After repeatedly ruling out US ground troops carrying out any combat operations in Iraq, or ground troops even going to Syria, last week’s raid, which led to the death of a US soldier in Iraq, appeared to end this talk, but actually led to several days of officials parsing the word “combat.”
While this arguing over the meaning of combat lasted a lot longer than was reasonable, they appear to have ditched the idea with Defense Secretary Ash Carter today announcing that US ground troops “won’t hold back” from launching “direction action on the ground” in either Iraq or Syria, aiming to pressure ISIS.
As if to remove any doubt that this was a formal change, Carter declared to the Senate “this is combat and things are complicated” and that the ground troops will be “in harm’s way, no question about it.” So far there are no details on any additional deployments of ground troops for this new ground war.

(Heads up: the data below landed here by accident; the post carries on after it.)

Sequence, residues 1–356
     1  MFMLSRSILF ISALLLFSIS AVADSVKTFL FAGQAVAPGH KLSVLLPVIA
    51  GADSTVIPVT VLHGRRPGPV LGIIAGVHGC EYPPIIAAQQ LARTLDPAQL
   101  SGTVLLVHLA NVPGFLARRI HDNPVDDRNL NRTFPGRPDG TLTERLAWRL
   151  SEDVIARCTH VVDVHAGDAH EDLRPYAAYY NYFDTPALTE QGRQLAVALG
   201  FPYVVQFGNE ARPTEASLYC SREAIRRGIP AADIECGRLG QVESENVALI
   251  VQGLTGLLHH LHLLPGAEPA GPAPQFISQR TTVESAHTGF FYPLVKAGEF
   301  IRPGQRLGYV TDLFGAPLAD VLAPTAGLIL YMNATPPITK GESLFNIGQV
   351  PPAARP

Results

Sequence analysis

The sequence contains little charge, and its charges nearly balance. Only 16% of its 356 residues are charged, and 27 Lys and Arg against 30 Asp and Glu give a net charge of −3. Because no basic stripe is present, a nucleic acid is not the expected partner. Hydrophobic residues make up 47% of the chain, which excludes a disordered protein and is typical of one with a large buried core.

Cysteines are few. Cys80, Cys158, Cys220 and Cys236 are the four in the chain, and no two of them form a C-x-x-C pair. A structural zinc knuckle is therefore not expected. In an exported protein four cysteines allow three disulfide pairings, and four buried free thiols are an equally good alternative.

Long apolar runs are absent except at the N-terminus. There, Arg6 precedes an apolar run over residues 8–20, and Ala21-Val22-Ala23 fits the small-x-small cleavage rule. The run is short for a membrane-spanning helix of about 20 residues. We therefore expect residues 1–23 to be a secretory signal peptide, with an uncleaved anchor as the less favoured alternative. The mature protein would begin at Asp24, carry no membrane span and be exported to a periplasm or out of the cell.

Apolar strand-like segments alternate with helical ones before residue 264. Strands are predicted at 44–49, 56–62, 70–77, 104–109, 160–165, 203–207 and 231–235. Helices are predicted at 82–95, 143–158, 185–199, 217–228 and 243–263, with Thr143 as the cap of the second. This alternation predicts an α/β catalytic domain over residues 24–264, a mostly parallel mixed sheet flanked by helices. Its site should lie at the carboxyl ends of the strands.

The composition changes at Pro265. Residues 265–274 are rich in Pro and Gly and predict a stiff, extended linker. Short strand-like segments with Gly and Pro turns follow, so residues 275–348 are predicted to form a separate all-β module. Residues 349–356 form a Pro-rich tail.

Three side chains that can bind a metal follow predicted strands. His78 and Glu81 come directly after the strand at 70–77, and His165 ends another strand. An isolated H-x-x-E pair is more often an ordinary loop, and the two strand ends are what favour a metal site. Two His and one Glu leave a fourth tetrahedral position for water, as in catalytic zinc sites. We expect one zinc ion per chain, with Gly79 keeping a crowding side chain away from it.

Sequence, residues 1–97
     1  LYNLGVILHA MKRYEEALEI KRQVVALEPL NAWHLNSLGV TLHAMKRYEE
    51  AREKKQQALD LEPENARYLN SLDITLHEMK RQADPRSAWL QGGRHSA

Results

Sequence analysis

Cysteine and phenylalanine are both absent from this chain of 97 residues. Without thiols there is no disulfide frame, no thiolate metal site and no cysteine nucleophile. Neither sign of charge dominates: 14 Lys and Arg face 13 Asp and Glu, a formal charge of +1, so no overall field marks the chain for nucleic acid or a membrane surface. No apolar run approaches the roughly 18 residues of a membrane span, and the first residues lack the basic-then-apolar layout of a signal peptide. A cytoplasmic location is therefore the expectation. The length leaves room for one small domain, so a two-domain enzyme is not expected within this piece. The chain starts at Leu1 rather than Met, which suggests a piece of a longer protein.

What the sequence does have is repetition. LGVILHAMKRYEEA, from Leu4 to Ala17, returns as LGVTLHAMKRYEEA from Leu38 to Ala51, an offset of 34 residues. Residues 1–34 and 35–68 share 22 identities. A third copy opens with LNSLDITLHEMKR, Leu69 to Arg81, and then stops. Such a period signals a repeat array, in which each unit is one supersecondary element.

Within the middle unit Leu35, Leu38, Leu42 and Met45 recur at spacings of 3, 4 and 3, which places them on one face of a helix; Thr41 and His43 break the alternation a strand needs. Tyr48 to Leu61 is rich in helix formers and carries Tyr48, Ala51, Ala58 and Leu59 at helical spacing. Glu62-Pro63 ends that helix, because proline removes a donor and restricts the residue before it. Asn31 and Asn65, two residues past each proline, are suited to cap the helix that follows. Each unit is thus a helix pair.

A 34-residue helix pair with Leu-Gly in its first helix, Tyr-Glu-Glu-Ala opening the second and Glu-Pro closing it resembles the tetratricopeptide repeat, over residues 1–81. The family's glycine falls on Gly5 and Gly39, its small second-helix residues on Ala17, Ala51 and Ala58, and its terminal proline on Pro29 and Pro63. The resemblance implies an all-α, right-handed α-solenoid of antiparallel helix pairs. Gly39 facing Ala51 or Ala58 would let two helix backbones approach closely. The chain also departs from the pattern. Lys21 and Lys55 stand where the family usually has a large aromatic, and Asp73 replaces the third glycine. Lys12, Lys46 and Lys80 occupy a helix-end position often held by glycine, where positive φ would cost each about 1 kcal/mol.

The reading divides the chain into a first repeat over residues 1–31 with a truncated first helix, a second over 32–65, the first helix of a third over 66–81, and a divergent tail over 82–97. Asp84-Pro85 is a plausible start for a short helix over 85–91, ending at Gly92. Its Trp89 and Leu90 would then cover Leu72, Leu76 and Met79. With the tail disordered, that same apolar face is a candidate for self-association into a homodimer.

The lack of detail so far is actually surprising, despite the administration’s repeated attempts to keep its policy shift announcements limited to soundbites. There aren’t even US ground troops in Syria yet, so it isn’t clear where they’re going to be coming from for that war, and Carter’s promises to support US allies in Syria, which likely means the Kurdish YPG, is certain to anger Turkey, meaning the Erdogan government won’t be letting the US use Turkish soil for staging such operations.
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